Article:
Last year, 2016, marked the 70th anniversary of the publication of Charles Beard’s masterful study of United States foreign policy prior to the nation’s disastrous entrance into the Second World War, American Foreign Policy in the Making1932-1940: A Study in Responsibilities(AFPM).  The book was soon accompanied by President Roosevelt and the Coming of the War, 1941 published in 1948, the year of the great historian’s passing.

The two volumes were extremely influential and became cornerstones of World War II revisionism.  AFPM chronicled US policy in the crucial decade prior to the fateful attack at Pearl Harbor on December 7, 1941.  The records released and the research done in the decades following Beard’s studies have only substantiated the historian’s interpretation of events.*

The most recent of the growing literature of WWII revisionism has been by the German historian Gerd Schultze-Rhonhof, and his provocative book, The War That Had Many Fathers.**As Beard did with AFPM, Schultze-Rhonhof seeks to assign responsibility for the outbreak of WWII in the European theatre.  Like Beard, and in contrast to the official historical interpretation, Schultze-Rhonhof blames the provocative actions of the “Allied” governments in the years leading up to the conflict.***

Continue reading at:  https://antoniusaquinas.com/history/

Antonius Aquinas@AntoniusAquinas

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*This essay is dedicated to the late Charlie McGrath of Wide Awake News.

charlie-mcgrath

 

Donald & the Dollar

donald-dollar

John Connally, President Nixon’s Secretary of the Treasury, once remarked to the consternation of Europe’s financial elites over America’s inflationary monetary policy, that the dollar “is our currency, but your problem.”  Times have certainly changed and it now appears that the dollar has become an American problem.

In a recent interview with the Wall Street Journal, the soon to be 45th President of the United States believes that the greenback’s strength – up some 25% against a broad basket of currencies since 2014 – is now “too strong,” “killing us,” and has hurt companies trying to compete overseas.* A top Trump economics advisor, Anthony Scaramucci, reinforced his boss’ sentiment adding that “we must be careful of a rising dollar.”

Apparently, making America great again does not include the nation’s monetary standard.  Trump’s belief that the dollar is too strong also shows a distinct lack of historical understanding.  Every great nation and empire (which Trump promises to restore America to) had a sound monetary system.  It is no coincidence that the pound sterling was the world’s “reserve currency” at the time when the British Empire was at its height.  Debasement of it to finance Britain’s insane decision to enter World War I led, in large part, to the eventual loss of its empire.  If Trump truly seeks to restore American greatness at home and its prestige throughout the world, devaluating the currency is not the way to go.

Nor does a weakened dollar benefit the middle class whom the president elect throughout the campaign has pledged to help.  In fact, it has been the fall in the purchasing power of the dollar due to the inflationary policies of the Federal Reserve which have decimated the living standard of the middle class.  And, while the proposed Trumpian middle class tax cuts will help, just as important is a sound monetary system if Middle America is to become a creditor class once again.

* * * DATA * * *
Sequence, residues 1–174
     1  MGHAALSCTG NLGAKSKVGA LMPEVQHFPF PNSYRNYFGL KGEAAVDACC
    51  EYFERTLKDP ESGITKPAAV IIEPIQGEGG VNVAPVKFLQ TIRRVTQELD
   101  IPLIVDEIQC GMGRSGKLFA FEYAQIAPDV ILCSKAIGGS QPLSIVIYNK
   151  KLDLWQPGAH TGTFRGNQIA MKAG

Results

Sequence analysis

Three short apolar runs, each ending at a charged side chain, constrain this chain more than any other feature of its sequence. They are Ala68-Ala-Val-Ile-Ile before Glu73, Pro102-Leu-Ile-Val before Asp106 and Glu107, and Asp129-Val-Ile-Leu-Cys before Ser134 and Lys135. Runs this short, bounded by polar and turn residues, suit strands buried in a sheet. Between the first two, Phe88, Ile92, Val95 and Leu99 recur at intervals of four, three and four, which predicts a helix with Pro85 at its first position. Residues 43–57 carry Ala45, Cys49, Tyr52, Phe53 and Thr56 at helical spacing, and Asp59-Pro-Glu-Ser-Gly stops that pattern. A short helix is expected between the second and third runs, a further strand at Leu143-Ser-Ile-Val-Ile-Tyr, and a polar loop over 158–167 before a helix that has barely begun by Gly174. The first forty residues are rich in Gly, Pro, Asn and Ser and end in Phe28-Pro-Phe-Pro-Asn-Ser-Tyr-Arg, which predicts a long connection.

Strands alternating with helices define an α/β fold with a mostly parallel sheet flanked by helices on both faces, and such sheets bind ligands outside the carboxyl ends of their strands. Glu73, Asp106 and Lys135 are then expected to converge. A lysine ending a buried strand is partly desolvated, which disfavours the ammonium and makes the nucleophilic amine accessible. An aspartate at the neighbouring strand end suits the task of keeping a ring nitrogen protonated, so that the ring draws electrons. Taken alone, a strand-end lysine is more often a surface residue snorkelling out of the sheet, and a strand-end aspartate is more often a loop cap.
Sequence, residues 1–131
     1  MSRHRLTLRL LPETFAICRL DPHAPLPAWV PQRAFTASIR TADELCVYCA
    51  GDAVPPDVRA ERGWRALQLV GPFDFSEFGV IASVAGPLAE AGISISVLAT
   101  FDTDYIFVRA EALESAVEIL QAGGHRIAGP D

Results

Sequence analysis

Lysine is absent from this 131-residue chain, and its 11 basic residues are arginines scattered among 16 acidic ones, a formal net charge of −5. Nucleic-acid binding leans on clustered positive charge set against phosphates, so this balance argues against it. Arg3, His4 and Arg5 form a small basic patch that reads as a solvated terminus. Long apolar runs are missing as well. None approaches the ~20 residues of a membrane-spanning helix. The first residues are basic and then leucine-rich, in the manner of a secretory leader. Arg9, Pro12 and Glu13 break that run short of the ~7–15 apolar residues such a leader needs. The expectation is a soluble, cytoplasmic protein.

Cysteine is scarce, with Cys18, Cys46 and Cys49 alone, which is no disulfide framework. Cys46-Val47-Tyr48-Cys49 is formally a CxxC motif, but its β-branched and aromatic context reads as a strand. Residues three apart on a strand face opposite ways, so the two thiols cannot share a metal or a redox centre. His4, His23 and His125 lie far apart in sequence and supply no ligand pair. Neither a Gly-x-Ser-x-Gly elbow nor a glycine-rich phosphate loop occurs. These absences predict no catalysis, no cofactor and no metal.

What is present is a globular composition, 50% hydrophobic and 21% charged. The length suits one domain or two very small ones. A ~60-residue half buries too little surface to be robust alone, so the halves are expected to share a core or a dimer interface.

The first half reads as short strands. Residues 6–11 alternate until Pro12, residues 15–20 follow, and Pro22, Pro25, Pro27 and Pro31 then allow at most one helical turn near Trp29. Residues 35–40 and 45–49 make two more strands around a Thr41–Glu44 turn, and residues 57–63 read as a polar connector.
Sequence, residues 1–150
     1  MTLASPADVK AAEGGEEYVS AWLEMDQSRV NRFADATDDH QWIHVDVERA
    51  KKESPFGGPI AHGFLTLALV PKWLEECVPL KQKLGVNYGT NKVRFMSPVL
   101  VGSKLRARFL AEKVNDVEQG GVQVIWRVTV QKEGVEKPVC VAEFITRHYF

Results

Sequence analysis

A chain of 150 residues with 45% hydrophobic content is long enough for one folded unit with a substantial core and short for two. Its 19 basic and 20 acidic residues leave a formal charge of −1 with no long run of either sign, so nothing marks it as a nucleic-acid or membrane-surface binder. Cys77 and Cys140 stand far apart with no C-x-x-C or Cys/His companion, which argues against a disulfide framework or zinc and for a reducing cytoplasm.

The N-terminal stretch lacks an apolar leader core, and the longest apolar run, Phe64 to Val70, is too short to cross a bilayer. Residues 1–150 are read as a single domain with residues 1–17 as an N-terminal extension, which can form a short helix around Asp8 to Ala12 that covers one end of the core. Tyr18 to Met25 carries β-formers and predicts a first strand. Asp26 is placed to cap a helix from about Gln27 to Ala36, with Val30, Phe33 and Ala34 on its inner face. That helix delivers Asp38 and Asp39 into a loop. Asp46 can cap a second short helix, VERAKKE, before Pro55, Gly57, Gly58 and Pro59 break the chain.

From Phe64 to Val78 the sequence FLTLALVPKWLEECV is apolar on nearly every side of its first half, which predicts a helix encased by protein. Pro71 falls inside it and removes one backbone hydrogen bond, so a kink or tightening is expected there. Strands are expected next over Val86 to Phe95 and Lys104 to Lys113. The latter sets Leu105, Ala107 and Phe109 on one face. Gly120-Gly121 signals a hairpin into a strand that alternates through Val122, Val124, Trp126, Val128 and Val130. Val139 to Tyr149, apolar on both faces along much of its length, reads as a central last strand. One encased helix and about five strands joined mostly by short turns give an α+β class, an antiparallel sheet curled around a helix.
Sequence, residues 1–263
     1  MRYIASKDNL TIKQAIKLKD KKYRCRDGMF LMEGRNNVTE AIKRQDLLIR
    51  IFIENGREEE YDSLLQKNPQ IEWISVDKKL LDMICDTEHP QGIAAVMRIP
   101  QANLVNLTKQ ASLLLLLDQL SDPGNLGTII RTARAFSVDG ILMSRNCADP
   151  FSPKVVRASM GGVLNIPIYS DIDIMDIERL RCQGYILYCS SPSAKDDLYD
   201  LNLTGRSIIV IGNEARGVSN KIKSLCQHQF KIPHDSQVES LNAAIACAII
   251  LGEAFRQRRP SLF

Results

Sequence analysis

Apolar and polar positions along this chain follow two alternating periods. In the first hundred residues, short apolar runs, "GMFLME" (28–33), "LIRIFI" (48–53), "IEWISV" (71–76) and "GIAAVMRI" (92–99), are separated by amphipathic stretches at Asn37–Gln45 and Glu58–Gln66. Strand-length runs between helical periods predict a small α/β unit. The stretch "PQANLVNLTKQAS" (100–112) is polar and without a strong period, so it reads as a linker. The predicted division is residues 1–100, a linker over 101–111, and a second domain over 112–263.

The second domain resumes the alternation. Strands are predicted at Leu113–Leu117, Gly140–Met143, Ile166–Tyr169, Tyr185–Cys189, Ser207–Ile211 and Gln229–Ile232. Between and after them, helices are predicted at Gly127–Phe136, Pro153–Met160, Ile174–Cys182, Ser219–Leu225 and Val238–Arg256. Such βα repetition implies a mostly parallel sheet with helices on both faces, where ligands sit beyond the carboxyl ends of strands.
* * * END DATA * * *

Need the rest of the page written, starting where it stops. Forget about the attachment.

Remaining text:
Pensioners and retirees, another group that Trump has promised to help, would continue to see their financial condition decline under a policy to weaken the dollar. A fall in the purchasing power of money would devastate the income stream of pensions and social security payments.

While a weaker dollar policy would hurt the middle class, retirees, and savers, it would benefit the most responsible for the continued economic doldrums of America – banksters and the government.  A weaker dollar would allow the government to continue to borrow and maintain its profligate spending.  Financial houses and the banksters would receive credit at nearly zero cost which would allow them to continue to blow bubbles in the asset markets.  Export firms, too, would benefit at least for a while, but would more than likely face retribution from foreign governments and central banks which would retaliate with their own devaluations sparking potential currency wars.

Talk of “currency manipulation,” “weakening the dollar,” “trade deals,” and the like do not address what lies at the heart of not only America, but the Western world’s economic problem – too much debt.  The reason why the West has been able to incur its current gargantuan level of debt is not because of a “weak” or a “strong” dollar, but because the dollar is a fiat currency not backed by any commodity.  A true gold standard, where each currency unit represents either gold or silver, provides monetary discipline which prevents politicians and banksters from incurring ruinous levels of debt.

Since money is the lifeblood of an economy, any hope that one can be turned around without a stable monetary order is, to say the least, delusional.  If president-elect Trump and his policy makers do not realize this, they will be severely disappointed in the years to come.  Sound money allows for the accumulation of savings and capital formation, the essential elements of the market economy and the only basis upon which real economic growth can occur.  More savings and capital are needed to boost production and create employment, not supposedly wiser and more competent international trade negotiators.

Talk of currency devaluation is what is typically heard from banana republics, it should not be advocated by those who have aspirations of making their country great again.

*Tyler Durden, “Dollar Tumbles After Trump Calls Currency ‘Too Strong,’ Slams Border-Adjustment Tax.”  Zero Hedge.  17 January 2017.